Although I was baptised as a Christian, I feel a strong sense of connection to Judaism and would like to use the Mikvah. I understand that some people believe there is no point/need because I am not Jewish (nor married) and therefore it has no meaning, however, I would still really like to visit one one day. I feel like I need to fill this spiritual void within myself. Is this permissible?
The most accessible form of mikva is a natural lake or the ocean (assuming you live near a coast). These are considered the ideal mikvaos though most use man-made mikvaos for a variety of other reasons. Natural springs also qualify as mikvaos and in fact purify from things which conventional mikvaos do not. All of these are easily accessible to anyone.
I cannot answer this question for all non-Jews but as a Jew by choice who had an Orthodox conversion almost 30 years ago I can say that I was denied the use of one mikvah (after presenting my conversion papers) and encouraged to have (another) Orthodox conversion before requesting to be able to use another one. So I'm going to say that it depends on the people running the particular mikvah but it is probably not allowed.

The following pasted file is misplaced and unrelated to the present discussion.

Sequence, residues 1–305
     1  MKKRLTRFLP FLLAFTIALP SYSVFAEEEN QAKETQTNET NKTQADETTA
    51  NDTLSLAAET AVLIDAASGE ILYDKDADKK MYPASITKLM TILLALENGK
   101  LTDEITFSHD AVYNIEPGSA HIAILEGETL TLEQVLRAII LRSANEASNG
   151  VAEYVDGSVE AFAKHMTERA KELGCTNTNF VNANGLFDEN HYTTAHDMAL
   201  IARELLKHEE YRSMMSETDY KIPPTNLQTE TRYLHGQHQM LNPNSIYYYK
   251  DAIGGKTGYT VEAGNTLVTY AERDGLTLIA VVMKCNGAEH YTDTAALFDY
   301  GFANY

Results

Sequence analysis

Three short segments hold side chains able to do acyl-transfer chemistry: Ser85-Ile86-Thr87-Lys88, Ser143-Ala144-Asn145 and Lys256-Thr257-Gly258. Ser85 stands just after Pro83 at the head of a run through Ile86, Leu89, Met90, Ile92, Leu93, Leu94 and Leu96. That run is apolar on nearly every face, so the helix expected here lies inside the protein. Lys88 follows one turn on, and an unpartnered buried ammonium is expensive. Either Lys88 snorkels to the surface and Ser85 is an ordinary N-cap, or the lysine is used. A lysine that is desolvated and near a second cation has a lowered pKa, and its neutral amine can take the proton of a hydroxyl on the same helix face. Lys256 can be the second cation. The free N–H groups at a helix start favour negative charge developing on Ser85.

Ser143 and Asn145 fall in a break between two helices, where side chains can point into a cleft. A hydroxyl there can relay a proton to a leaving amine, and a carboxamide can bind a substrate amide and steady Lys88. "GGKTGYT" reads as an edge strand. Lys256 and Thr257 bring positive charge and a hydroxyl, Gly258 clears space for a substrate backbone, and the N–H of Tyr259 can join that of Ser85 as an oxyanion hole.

No you should not be visiting the mikvah. Mikvahs are specifically built for the Jewish community (exception being those who wish to join via conversion are required as part of that process). Whilee the idea of mikvah be seem nice it is important that G-d has a designed path for each of us to follow. I would suggest you take a look at this website which talks about the 7 laws given to Noah and his descendants... http://www.noahidenations.com/ also this article... http://www.chabad.org/kabbalah/article_cdo/aid/380332/jewish/The-Mitzvot-of-Non-Jews.htm